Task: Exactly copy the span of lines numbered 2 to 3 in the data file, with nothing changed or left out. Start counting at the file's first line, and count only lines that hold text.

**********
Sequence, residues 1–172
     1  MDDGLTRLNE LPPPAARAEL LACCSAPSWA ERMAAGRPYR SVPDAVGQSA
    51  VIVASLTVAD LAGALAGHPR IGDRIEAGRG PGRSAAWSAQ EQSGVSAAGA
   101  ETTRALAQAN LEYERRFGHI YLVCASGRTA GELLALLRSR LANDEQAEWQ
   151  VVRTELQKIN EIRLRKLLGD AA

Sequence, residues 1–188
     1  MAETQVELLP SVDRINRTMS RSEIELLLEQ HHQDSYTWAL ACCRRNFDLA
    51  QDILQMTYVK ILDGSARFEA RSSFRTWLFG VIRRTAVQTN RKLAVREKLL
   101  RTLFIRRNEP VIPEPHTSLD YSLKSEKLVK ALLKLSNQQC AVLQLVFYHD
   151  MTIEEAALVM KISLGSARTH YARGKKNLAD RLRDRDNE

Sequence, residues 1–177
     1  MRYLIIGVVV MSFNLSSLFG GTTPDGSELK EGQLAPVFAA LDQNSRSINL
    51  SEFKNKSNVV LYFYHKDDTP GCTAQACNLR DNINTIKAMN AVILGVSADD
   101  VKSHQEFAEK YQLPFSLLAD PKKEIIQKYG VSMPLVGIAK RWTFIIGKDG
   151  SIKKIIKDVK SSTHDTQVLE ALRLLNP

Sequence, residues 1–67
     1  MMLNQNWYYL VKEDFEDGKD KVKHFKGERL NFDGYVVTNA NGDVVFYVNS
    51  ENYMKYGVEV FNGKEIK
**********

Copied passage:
     1  MDDGLTRLNE LPPPAARAEL LACCSAPSWA ERMAAGRPYR SVPDAVGQSA
    51  VIVASLTVAD LAGALAGHPR IGDRIEAGRG PGRSAAWSAQ EQSGVSAAGA